Officials with the City of Edmonton marked one year since safety barriers were installed on the High Level Bridge, and is crediting those barriers with a reduction in the number of suicide attempts.

The City said paramedics were called to five attempted suicides on the bridge in 2016, compared to ten the year before. Meanwhile, police were called to the bridge 21 times for mental health calls in 2016, down from 41 such calls the previous year.

“The safety barriers were installed to provide a moment of pause or a sober second thought for those who may be suicidal,” Kris Andreychuk with the City of Edmonton said in a statement. “It’s still too early to conclusively know what effect the barriers are having, but after following similar projects and research in other cities, we believe the barriers are acting as a deterrent to suicide.”

The Canadian Mental Health Association agrees.

“They are in a place of uncertainty and so those barriers and those barriers are acting as a moment of pause to consider that uncertainty, give yourself space to reconsider that uncertainty and maybe reach out for help,” Stephanie Wright with the Canadian Mental Health Association said.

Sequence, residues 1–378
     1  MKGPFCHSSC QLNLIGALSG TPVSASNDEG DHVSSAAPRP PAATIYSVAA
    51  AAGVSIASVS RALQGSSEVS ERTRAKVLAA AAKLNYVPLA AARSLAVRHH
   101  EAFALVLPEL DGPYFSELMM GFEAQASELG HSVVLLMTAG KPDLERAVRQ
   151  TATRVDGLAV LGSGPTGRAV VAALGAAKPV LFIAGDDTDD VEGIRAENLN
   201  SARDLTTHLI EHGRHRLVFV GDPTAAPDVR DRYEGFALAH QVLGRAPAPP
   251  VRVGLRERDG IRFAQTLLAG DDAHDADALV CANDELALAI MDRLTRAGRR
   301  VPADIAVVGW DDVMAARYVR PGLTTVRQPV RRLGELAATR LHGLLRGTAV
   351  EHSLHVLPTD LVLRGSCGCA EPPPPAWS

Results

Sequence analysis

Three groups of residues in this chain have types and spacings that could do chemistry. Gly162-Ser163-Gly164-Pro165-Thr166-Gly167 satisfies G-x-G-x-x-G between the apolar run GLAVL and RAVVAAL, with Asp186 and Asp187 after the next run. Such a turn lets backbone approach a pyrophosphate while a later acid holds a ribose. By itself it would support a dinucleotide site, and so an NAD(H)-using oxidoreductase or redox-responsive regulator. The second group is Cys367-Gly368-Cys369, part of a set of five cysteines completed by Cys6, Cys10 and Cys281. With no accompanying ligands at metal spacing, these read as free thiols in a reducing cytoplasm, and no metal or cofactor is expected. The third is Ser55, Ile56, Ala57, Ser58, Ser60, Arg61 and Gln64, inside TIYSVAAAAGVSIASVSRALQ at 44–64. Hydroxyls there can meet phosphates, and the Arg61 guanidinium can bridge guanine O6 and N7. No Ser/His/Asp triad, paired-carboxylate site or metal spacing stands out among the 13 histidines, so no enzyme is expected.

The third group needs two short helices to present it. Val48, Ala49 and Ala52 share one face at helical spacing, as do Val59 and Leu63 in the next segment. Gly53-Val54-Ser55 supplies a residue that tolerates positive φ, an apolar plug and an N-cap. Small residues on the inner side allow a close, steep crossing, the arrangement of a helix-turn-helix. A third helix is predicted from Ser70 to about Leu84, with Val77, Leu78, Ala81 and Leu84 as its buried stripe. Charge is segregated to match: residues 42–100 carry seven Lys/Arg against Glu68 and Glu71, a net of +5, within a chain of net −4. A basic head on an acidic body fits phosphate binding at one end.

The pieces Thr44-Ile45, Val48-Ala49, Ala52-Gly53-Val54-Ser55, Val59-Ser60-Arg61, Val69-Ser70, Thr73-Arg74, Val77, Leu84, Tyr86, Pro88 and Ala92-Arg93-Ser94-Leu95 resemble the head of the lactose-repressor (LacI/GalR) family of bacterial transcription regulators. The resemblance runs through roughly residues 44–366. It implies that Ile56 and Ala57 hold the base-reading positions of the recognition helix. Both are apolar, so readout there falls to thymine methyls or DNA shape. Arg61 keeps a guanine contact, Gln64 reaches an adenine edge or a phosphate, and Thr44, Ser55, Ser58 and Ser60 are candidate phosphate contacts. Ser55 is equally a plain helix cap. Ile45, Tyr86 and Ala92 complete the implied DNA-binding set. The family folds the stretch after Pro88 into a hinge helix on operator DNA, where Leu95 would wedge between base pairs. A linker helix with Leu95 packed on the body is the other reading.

Officials said the statistics match numbers in other cities with suicide barriers.

“In other cities we have seen suicides decrease by 50 percent and while the numbers aren’t for sure yet, in this first year, it’s pretty promising,” Wright said – she also said anyone contemplating suicide in Edmonton can call 780-482-HELP (4357).

Construction on the barriers started in September 2015, and was finished in July 2016 – they are part of the city’s suicide prevention strategy. Emergency phones have also been installed on the bridge as part of the strategy for people in crisis to use, and for bystanders to use if they see someone in distress.

The city said suicide is a leading cause of death in Edmonton.

With files from David Ewasuk